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Young Horses was not alone in that this year. Indie developers like Outerloop, makers of Falcon Ageand Ko-oP, a Canadian studio, have been working four day weeks throughout the pandemic in the interest of protecting the mental health of their employees.

Accessibility done right is always worth celebrating, and that's precisely why Falling Squirrel has made this list.

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The Canadian outfit championed inclusion with its first in-studio project, The Vale: Shadow of the Crownan audio-only adventure that was created with assistance from the visually impaired community and organizations like the Canadian National Institute for the Blind. The title uses binaural audio technology and haptic controller feedback to help those with visual impairments fully immerse themselves in The Vale's fantasy world.

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During a chat with Game Developer earlier this yearstudio boss Dave Evans explained how he spent five years fine-tuning the project with that goal in, tweaking individual sound effects and object placement in the hopes of ensuring The Vale could be played by as many people as possible.

Notably, The Vale's success -- the title has been inundated with praise and was recently nominated for Innovation in Accessibility at The Game Awards -- also sparked more conversations around accessibility, with Evans imploring other developers to start working with those from disabled communities to make their projects even better. Accessibility should never be an afterthought, and Falling Squirrel proved that when studios simply take the time to listen, everyone stands to benefit.

Originally developed by The Minnesota Learning company, this classic PC franchise took a long journey of twists and turns in ownership through the '90s before fading somewhat into classic obscurity. Gameloft got its hands on theand a new edition is now playable on iOS devices. But there's a great and much-needed twist. This version of The Oregon Trail takes a much harder look at how westward colonial expansion in the United States was devastating and genocidal for Native American tribes that stood in its way.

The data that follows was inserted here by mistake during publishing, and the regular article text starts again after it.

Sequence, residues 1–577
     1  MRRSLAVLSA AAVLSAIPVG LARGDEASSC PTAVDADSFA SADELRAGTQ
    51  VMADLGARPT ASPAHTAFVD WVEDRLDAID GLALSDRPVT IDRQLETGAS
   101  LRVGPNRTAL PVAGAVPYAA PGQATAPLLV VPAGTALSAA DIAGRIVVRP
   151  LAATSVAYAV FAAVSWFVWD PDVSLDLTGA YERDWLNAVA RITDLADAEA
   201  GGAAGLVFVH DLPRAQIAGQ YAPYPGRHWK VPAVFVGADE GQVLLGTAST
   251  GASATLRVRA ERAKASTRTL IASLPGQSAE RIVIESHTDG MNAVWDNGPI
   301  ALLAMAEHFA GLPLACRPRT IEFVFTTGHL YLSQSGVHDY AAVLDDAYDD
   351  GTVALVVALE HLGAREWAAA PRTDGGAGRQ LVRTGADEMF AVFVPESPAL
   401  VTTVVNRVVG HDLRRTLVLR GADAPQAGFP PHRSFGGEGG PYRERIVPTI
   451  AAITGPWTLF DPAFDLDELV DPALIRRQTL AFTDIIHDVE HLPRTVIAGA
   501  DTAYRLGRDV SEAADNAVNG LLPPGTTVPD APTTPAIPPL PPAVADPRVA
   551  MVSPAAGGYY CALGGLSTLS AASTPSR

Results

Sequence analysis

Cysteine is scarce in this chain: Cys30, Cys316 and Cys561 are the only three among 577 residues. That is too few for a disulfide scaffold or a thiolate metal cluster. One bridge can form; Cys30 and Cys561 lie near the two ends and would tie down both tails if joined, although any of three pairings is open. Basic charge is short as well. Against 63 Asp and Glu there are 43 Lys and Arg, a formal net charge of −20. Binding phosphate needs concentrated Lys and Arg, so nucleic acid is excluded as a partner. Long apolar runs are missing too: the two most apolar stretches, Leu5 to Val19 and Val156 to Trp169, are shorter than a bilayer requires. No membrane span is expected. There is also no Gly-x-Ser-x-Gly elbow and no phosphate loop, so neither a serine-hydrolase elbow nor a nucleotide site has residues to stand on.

Many of those tribes are depicted in this new version of the game, not only as random settlers who can the players' party, but as individual characters included in a series of storytelling vignettes.

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This version of the classic game reminds viewers right on first load that the journey west was an invasive one for tribes in these territories. Obviously, Gameloft Brisbane is a bit too far removed to deserve direct credit for getting these stories right.

So it's worth naming the Native American academics who helped steer them in the right direction: Jazz Halfmoon, Margaret Huettl, and David Lewis all warned the Gameloft team away from traditional stereotypes of these different tribes, and helping introduce a nuanced cast of characters trying to navigate life in the midst of a dark, dark time.

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The team at Gameloft do deserve credit for bringing in this consultation, but when it comes to better telling the story of Native Americans, scholars and storytellers from those communities who will have the best perspectives. Their presence makes The Oregon Trail a more robust game, and its return to the video game world is better for it.

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The journey from modder to full-fledged game developer rarely makes for a dull story, as the journey of Modern Storyteller can attest. The studio put out its first game, The Forgotten Cityin to much acclaim. In this incarnation, The Forgotten City chronicles a single, looping day within a doomed Roman city hundreds and hundreds of years in the past. While the game itself is its own standalone and self-contained experience, the idea first took form as an award-winning mod for Bethesda's The Elder Scrolls: Skyrim created by Modern Storyteller founder Nick Pearce and released back in after nearly two thousand hours of development time.

The mod version of The Forgotten City started to rack up thousands, and eventually millions, of downlo. Pearce decided that the entire story could stand on its own as a full-fledged game, and started down the path of developing the version of The Forgotten City gracing many game of the year lists today. Doing so gave Pearce the chance to take a leap of faith and end his decade-strong legal career, telling Xbox Wire this year that "It was a great job, but I dreamed of a different horizon.